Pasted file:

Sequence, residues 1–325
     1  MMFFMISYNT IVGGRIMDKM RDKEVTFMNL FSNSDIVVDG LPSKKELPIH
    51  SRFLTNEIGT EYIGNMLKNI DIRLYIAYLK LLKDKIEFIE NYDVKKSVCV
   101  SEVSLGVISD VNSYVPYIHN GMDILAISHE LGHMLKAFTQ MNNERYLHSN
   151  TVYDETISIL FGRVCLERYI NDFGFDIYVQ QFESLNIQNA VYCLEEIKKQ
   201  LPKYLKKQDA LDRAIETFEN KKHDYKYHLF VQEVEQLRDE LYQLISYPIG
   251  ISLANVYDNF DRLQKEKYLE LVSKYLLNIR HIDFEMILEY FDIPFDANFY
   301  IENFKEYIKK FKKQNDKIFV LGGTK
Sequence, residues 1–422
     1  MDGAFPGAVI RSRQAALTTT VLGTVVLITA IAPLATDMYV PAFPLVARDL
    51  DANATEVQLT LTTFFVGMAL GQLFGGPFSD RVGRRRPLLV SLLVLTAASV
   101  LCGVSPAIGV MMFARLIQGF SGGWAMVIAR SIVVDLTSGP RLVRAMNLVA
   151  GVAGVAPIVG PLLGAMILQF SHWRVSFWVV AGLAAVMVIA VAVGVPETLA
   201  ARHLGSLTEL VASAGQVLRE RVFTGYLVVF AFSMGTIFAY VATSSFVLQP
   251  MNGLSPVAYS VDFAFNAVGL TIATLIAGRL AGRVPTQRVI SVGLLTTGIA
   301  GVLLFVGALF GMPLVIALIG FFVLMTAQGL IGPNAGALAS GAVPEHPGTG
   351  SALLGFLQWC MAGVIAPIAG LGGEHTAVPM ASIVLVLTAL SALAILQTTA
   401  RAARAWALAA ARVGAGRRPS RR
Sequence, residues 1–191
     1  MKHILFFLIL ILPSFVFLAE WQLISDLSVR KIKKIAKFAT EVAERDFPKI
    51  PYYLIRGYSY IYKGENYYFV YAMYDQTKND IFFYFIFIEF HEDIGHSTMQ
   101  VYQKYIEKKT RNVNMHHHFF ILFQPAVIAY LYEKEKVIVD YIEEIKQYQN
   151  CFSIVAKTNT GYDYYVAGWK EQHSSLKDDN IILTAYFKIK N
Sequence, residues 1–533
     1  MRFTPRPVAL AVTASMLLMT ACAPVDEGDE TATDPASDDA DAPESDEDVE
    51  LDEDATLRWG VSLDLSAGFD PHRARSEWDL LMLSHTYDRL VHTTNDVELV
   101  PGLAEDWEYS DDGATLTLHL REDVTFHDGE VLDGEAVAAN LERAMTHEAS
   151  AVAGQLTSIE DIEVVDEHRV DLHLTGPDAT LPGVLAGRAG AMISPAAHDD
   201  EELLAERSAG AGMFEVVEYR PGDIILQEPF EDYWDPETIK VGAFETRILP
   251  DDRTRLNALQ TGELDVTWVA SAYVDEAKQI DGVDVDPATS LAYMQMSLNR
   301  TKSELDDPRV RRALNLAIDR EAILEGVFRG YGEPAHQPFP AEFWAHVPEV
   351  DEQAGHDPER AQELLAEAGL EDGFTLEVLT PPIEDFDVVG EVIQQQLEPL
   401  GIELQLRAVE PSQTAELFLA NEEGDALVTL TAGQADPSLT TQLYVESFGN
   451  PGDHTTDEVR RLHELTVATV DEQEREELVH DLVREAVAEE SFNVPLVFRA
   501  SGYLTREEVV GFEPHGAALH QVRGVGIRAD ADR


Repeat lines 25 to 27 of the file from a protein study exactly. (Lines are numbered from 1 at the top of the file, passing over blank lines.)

     1  MRFTPRPVAL AVTASMLLMT ACAPVDEGDE TATDPASDDA DAPESDEDVE
    51  LDEDATLRWG VSLDLSAGFD PHRARSEWDL LMLSHTYDRL VHTTNDVELV
   101  PGLAEDWEYS DDGATLTLHL REDVTFHDGE VLDGEAVAAN LERAMTHEAS